‘Tilova for Africa, a non-governmental organisation has described the Osu Caste system as “anachronistic and no longer tenable in modern day civilisation”.
The charity organisation stated this at a symposium on “Discrimination Against Sexual, Disease State and Minority Groups” in Awka on Wednesday.
Co-Founder and Chairman of Tilova for Africa Mr Martin Nwabueze said apart from the denials that the individual members of the discriminated groups suffer, the society also denies itself the contributions these people should make to national development.
The Osu caste system is a traditional practice in Igboland, Southern Nigeria which discourages social interaction and marriage with a caste of persons known as Osu who are considered as inferior beings compared to their real born (Diala) Ccunterparts.
Nwabueze, an American-based Pharmacist said nobody should be segregated against or denied his or her rightful place in the society not for incompetence but on account of who their parents were or health status.
He said it was unfortunate that in spite of efforts by the church and traditional institutions to abolish the system, the practice was still prevalent such that young people who loved themselves and were compatible could not marry just because the society said one of them was of Osu ancestry.
“This symposium is part of our campaign against minority groups which we have grouped into three categories including HIV/AID, the Osu Caste system and sexual rights.
“Osu Caste system has been a plague that has held us down, we are not supposed to discriminate against anybody because of it, we have tried to do away with it but because of fear people have refused to associate with them.
“Centuries after, we are still tied down by what our forefathers practiced, what they felt was right, that should not be encouraged in this age.
“Even though we are Christians, we have not done away with that fear but the truth is that we are all created in the image of God, we are all equal before God, nobody is subordinate to any other in the eyes of God.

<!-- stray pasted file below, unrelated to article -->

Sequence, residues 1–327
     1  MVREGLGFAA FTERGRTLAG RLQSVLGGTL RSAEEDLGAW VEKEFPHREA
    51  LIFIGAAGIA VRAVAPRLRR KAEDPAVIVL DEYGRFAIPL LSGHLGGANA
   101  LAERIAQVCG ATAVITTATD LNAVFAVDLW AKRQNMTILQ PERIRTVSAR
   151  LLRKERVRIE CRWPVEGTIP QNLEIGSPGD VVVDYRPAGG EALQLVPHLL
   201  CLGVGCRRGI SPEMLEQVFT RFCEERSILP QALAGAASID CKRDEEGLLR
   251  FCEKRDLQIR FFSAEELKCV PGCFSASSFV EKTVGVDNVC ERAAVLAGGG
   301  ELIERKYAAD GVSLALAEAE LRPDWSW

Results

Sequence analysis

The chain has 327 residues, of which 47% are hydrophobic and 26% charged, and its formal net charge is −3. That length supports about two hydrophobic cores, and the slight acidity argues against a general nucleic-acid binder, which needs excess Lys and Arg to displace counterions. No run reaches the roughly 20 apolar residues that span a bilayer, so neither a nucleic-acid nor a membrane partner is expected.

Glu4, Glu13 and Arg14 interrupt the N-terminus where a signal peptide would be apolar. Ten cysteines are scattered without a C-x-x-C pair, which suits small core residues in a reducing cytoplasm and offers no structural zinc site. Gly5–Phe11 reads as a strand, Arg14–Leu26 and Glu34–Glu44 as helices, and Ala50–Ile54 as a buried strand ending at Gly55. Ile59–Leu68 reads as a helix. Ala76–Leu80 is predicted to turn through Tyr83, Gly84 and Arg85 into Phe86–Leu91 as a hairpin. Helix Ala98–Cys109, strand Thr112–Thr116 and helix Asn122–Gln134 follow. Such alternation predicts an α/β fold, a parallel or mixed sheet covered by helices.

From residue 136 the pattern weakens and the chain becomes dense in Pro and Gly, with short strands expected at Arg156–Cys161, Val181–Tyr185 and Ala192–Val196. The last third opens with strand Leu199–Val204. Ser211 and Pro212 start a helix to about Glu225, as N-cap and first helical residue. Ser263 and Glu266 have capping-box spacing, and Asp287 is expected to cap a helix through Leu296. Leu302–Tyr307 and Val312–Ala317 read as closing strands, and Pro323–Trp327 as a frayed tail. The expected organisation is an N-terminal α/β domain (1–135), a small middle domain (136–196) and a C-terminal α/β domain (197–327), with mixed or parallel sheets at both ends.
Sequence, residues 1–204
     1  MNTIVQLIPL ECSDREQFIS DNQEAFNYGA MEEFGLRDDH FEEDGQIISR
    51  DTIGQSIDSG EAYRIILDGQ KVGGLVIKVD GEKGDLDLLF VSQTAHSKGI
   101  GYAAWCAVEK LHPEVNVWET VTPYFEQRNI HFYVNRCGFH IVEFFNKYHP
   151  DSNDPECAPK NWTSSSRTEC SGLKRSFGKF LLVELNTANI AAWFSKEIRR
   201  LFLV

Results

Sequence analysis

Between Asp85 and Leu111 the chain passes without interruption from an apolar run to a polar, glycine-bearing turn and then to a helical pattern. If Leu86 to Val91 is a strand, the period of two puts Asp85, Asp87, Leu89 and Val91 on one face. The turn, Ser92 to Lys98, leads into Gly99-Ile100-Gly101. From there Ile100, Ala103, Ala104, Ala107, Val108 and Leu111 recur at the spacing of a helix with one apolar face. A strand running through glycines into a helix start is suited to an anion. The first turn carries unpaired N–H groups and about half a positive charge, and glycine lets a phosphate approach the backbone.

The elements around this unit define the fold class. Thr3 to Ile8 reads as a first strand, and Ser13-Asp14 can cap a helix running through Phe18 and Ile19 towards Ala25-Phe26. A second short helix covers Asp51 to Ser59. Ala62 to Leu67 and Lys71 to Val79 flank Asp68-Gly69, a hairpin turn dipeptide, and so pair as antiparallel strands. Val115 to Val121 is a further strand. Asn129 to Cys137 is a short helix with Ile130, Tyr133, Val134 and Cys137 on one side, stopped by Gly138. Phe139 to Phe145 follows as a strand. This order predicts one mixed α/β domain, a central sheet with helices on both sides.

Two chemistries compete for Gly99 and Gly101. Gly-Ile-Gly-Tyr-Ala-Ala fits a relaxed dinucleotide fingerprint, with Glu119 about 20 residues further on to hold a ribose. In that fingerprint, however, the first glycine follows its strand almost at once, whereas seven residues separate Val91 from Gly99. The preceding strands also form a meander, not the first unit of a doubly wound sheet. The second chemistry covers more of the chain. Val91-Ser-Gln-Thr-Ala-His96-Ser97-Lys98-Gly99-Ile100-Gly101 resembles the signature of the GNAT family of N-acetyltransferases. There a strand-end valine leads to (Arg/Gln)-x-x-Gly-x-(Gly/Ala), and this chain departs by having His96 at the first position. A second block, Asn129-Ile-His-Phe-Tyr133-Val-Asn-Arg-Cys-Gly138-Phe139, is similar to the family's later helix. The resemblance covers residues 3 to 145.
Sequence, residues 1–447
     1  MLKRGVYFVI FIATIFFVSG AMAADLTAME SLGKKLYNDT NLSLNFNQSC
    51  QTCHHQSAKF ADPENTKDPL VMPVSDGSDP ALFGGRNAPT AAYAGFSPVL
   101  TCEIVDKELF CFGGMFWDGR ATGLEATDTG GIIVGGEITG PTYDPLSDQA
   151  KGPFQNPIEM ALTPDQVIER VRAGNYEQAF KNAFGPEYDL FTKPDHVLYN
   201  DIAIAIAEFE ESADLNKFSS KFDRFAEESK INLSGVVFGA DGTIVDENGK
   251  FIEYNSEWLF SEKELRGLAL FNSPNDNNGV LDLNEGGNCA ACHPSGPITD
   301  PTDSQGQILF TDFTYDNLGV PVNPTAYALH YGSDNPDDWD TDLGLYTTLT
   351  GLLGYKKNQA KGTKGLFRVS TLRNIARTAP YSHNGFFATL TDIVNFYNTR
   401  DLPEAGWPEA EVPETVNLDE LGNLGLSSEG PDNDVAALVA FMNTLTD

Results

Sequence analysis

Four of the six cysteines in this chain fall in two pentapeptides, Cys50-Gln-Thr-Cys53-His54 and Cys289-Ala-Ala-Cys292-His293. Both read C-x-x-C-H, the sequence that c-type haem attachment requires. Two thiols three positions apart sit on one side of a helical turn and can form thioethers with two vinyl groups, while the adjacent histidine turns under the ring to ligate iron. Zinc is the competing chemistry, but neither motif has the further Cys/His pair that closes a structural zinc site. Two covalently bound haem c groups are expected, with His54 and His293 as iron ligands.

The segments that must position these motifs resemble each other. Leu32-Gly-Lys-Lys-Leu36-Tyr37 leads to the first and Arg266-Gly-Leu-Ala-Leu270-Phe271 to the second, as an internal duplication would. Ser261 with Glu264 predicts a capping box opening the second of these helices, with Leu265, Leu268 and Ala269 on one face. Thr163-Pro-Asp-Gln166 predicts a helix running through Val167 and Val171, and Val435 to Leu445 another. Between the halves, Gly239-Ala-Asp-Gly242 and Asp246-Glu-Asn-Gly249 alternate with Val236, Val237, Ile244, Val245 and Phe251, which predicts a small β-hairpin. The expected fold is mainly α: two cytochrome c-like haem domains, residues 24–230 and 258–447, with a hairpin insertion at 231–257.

“HIV is not a death sentence, people with it can still live a normal life, so we are saying that patients should not be discriminated against, this will increase the number of people submitting themselves for testing and care,” he said.
In his Keynote speech, Mr Charles Ekwunife said segregation and discrimination against against Osu Caste and HIV patients were against the spirit of sections 37 and 42 of the Constitution of the Federal Republic of Nigeria.
Ekwunife who is the Director of Investigation at the Public Complaints Commission (PCC), Anambra office said the Commission had the mandate to receive petitions from members of the public against administrative injustice from public and private sectors as well as social discrimination.
He commended ‘Tilova for Africa’ for increasing awareness on the plights of minority groups and called on Nigerians passing through segregation and discrimination to formally petition the Pubic Complaint Commission (PCC) for redress, adding that the services were free.
According to him, the PCC in pursuing its role, not only receives complaints from the aggrieved who suffer one form of injustice or another, but also addresses issues which if not handled appropriately and timely could impact negatively on the society.